Philippines: Typhoon Vongfong Flash Update No. 1 (As of 15 May 2020, 7 p.m. local time)
Following initial landfall as a Category 3 typhoon in San Policarpo, Eastern Samar, just after noon on 14 May, Typhoon Vongfong (locally named Ambo) continues to bring destructive winds and heavy to intense rainfall as it moves northwest towards mainland Luzon. On 15 May, the eye of the typhoon carried maximum sustained winds of 125 km/h near the center and gustiness of up to 165 km/h making further landfalls in Northern Samar, Masbate and Quezon provinces.
Tropical Cyclone Warning Signal number 3 (winds of 121 to 170 km/h) was issued for the provinces of Quezon, Rizal, Marinduque and in parts of Aurora, Nueva Ecija, Bulacan, Camarines Norte and Camarines Sur. Signal number 2 (winds of 61 to 120 km/h) was later raised in Metro Manila, which is currently a major COVID-19 hotspot in the country; and the rest of regions 3 and 4-A. Areas in the typhoon’s path are expected to experience heavy to intense rain, bringing the threat of flooding and rain-induced landslides. Now downgraded to a severe tropical storm, Vongfong is expected to pass east from Metro Manila by the evening of 15 May and leave the landmass by Sunday.
The combination of high winds, sustained heavy rainfall and storm surges has impacted vulnerable communities in the Eastern Visayas, Bicol and Southern Luzon which were also heavily affected by Typhoon Kammuri (local name Tisoy) in December 2019. According to initial reports, one person has been injured and two are missing in Region 8. The threat to homes, toppled trees and power poles and inundated coastal areas prompted thousands of people to seek shelter in evacuation centres despite the health safety risks from the COVID-19 outbreak. Electricity and communication lines, including mobile phone services, have been cut in provinces where the typhoon already passed, primarily as a precautionary measure, and are expected to be restored by the weekend. With clearance operations underway, most roads and major highways are now passable.
Regional authorities in Bicol report that over 300,000 people sought refuge in some 2,300 evacuation centers across the provinces of Sorsogon, Albay, Catanduanes, Masbate and Camarines Sur. About 15,900 people have preemptively evacuated in the provinces of Northern Samar, Samar and Eastern Samar.
Compounding effects of COVID-19
Large parts of the country remain under movement restrictions and lockdowns due to threat posed by COVID19, which could put strain on emergency response efforts should the typhoon have a severe impact. The storm is also expected to affect Metro Manila and Laguna province, both areas declared as COVID-19 hotspots with a high number of confirmed cases. The National Capital Region has over 7,600 cases, or almost 65 per cent of all confirmed cased in the country, which raises concerns of accelerated transmission should there be a need to evacuate residents living in densely populated and flood-prone areas.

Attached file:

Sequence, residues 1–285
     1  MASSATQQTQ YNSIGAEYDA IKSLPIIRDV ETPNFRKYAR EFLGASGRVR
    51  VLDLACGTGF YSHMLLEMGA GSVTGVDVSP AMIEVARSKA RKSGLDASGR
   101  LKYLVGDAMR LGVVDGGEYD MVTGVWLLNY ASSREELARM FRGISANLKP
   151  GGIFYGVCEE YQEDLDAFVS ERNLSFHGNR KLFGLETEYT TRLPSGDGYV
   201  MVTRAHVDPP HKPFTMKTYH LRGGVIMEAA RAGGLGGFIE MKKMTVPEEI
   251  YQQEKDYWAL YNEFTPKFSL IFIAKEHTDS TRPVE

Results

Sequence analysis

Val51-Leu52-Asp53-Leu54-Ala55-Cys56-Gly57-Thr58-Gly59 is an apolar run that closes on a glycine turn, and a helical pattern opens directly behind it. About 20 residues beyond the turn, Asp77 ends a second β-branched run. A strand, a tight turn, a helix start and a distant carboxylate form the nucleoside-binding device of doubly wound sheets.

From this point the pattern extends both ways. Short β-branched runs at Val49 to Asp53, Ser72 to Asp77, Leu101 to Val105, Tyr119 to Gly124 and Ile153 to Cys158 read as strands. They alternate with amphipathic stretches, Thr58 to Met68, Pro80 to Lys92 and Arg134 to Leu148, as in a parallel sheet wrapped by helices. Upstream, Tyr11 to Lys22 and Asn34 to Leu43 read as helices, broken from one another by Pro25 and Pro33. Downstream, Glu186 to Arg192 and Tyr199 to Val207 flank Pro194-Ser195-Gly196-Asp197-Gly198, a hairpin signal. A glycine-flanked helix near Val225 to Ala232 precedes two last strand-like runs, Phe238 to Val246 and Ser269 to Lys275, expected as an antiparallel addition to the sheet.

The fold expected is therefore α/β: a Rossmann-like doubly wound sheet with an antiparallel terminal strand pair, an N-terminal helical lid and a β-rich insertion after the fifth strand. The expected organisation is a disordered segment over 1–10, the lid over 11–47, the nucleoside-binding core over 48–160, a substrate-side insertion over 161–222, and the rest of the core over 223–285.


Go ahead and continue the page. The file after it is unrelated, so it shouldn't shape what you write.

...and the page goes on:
Government preparedness and response
The Government is leading preparedness and response efforts for Typhoon Vongfong. The National Disaster Risk Reduction and Management Council (NDRRMC) convened risk disaster assessment meeting ahead of its first landfall and worked with telecommunication companies to disseminate emergency alert messages via mobile phones to people in the affected areas. The NDRRMC Operations Center maintains a blue alert status and regional emergency operations centres have been activated. The Department of Social Welfare and Development has readied standby funds and stockpiled family food packs, food items, and Non-Food items amounting to US$23.4 million (PhP1.18 billion).
The Department of Health advised local government authorities to allot wider spaces in evacuation centres to ensure adequate physical distancing. Families who will be evacuated must observe minimum health standards, which includes wearing of face masks, proper hygiene and cough etiquette. The NDRRMC also urged local authorities to explore alternative evacuation centres, since schools could not be used as many have been designated as quarantine facilities for COVID-19 patients.
Local officials point to the double challenge of keeping their residents safe from COVID-19 and the typhoon, noting the difficulty of maintaining physical distancing in temporary shelters. Several local governments have decreed that evacuation centres be only filled to half their usual capacity to prevent the spread of the coronavirus disease. The Catholic Church offered the use of its church buildings and chapels as additional shelters and some shopping malls have done the same.
The Humanitarian Country Team continues to monitor the situation and has activated preparedness measures based on its protocols. The United National Office for the Coordination of Humanitarian Affairs is in touch with national authorities and has reached out to partners with presence in the affected areas to collate reports on impact and needs. The initial reports indicate most pressing needs are food relief items, face masks, especially for children, sanitation supplies in evacuation centers and livelihood support for affected farmers.
For more information, contact:
Mark Bidder, Head of Office, firstname.lastname@example.org
Manja Vidic, Humanitarian Affairs Officer, email@example.com